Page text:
On Monday, about 21,000 Berkeley residents were impacted by a scheduled PG&E power outage, UC Berkeley canceled classes for Monday and the air quality index, or AQI, reached an “unhealthy” level at its peak.
In an effort to reduce fire risks due to extreme winds and heavy fire danger conditions, PG&E enacted what was estimated to be a 48-hour Public Safety Power Shutoff, or PSPS, Saturday about 5 p.m. As of press time, UC Berkeley operations are scheduled to resume Tuesday, according to a campuswide email from Vice Chancellor Marc Fisher.
PG&E announced midday Monday that the PSPS would be extended until Friday, but the city’s Twitter announced about 6:40 p.m. that it does not anticipate this PSPS to affect Berkeley.
City spokesperson Matthai Chakko said it typically takes two to five days for PG&E to restore power and the city may also need to prepare for potential wildfire evacuations.
In the meantime, the city will continue to keep increased levels of police, fire and civilian staff working 24-hour shifts to respond to any events caused by loss of electricity, heavy winds and fire danger. Chakko added that the Old City Hall will open at 6 p.m. as a shelter for homeless populations.
Over the past two days, Chakko said city staff have been reaching out by phone and in person to those who are dependent on electricity for medical purposes in order to assess their needs.
Residents can charge devices and get information at Berkeley Public Library branches during business hours in power shutoffs, according to District 7 City Councilmember Rigel Robinson.
More immediate damage has come from high winds than from smoke and the PSPS, Robinson added.
“This creates a severe fire risk, as trees that down power lines can quickly spark,” Robinson said in an email. “I’m incredibly thankful to the Berkeley first responders and staff for ensuring that these situations don’t result in fires.”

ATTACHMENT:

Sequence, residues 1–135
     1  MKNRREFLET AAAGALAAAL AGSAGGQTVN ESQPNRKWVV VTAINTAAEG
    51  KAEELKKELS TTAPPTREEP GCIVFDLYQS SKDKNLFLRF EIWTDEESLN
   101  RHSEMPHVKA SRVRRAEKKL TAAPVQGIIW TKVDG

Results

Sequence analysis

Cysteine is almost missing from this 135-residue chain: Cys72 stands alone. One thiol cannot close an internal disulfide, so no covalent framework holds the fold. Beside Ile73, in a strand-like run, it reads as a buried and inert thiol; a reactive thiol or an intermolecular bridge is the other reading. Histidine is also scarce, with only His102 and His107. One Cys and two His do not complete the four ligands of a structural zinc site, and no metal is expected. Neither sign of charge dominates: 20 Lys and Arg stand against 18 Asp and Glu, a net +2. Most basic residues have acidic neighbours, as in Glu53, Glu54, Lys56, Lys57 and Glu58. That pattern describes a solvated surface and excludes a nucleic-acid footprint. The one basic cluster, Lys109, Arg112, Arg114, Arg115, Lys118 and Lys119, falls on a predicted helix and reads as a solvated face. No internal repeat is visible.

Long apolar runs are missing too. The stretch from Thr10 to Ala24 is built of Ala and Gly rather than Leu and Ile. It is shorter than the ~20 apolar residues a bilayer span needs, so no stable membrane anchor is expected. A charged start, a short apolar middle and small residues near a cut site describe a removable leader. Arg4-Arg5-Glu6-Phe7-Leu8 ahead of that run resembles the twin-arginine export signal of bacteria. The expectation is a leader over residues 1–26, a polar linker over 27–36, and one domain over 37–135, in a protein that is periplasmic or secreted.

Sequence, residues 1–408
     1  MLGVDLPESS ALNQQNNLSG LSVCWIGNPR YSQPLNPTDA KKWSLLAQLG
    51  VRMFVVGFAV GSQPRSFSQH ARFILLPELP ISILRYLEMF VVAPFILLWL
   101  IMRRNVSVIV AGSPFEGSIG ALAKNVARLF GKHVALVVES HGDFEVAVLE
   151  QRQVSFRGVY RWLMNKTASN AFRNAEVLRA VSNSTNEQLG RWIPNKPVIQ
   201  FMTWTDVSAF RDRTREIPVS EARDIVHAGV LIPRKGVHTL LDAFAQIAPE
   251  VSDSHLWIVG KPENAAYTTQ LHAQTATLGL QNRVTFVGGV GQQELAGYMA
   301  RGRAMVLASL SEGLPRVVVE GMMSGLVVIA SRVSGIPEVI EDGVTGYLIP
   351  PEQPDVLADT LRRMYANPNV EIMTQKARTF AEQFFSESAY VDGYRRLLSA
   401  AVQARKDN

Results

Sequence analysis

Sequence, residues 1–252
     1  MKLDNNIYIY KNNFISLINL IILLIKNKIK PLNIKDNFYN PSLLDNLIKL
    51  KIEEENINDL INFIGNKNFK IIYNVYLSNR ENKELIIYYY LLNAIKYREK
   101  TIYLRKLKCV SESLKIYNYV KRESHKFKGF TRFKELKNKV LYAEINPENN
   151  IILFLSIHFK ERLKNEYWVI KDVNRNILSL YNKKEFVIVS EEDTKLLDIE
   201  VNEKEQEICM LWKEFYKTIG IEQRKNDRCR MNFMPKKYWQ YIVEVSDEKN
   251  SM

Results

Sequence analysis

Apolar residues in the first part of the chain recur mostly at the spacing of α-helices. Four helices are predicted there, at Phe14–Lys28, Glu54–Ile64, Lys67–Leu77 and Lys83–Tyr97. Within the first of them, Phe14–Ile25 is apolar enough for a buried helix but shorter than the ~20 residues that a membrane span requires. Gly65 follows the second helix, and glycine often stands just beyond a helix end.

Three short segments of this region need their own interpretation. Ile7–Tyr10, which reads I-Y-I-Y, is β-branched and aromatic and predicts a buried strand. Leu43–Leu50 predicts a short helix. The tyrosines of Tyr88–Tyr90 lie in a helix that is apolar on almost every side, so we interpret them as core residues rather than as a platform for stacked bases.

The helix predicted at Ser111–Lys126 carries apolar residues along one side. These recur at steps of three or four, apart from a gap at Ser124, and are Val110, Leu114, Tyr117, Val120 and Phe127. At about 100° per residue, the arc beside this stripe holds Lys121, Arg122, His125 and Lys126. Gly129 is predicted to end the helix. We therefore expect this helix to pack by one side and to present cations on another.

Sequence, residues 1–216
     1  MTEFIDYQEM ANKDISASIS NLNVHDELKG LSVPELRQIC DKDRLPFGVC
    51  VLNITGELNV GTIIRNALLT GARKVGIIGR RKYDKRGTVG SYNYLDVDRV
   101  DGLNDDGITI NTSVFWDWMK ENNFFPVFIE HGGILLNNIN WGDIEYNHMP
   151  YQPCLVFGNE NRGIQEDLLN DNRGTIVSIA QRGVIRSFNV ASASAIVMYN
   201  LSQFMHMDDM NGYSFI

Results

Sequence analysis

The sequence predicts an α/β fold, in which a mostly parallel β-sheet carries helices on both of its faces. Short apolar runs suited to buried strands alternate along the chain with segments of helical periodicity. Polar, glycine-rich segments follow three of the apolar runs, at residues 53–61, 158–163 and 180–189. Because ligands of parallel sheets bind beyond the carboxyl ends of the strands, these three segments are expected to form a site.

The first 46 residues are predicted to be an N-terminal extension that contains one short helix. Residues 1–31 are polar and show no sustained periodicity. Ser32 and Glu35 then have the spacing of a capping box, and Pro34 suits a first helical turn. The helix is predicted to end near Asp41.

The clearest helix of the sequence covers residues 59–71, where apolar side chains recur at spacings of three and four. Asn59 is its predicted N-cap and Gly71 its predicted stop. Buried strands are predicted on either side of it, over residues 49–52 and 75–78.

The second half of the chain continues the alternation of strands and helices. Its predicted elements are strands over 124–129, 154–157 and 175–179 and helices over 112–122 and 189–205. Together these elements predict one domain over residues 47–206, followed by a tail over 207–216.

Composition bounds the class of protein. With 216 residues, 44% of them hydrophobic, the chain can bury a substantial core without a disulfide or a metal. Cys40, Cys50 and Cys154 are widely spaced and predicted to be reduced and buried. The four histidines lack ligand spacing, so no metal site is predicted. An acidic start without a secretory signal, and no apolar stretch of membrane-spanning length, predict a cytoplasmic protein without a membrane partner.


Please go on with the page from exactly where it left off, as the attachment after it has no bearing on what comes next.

Robinson added that the Berkeley Fire Department and city staff are responding to several reports of tree damage and that residents may report fallen trees by calling 311.
The East Bay Regional Park District has closed its parks and trails until 9 a.m. Tuesday, according to East Bay Regional Park District public information officer Dave Mason. The parks have seen downed power lines, fallen trees and debris that must be cleared in order to make the parks safe, Mason added.
In addition to high winds, the city’s air quality index, or AQI, exceeded 150 as of 9 a.m. Monday — a level deemed “unhealthy”’ by the National Weather Service, or NWS. A few hours later, however, the AQI dropped to 121, which is below the “unhealthy” level. As of press time, the AQI is at a “moderate” level of 64.
In the past, campus administrators considered canceling classes when the campus AQI hits 200 — the number at which it is recommended people limit time outdoors. In November 2018, campus classes were canceled when the AQI exceeded 200.
ASUC President Amma Sarkodee-Adoo, External Affairs Vice President Varsha Sarveshwar, as well as ASUC Senators Derek Imai and Sylvia Targ, however, recently recommended that campus cancel classes when AQI hits 150, which is when physical exertion is inadvisable.
According to Chakko, the city recommends staying indoors rather than going outside to get a mask. When the AQI is more than 150, city staff members distribute masks to the homeless.
The NWS AQI forecast website is predicting that tomorrow’s AQI will be 102 as of press time. According to NWS forecaster Steve Anderson, air quality in the Bay Area is expected to continue to worsen as winds push smoke into the area until noon tomorrow.
“It’ll still be hazy, but not as smoky as today,” Anderson said. “Tonight could be the worst night as the winds die down and the smoke settles in.”
Contact The Daily Californian News Staff at [email protected].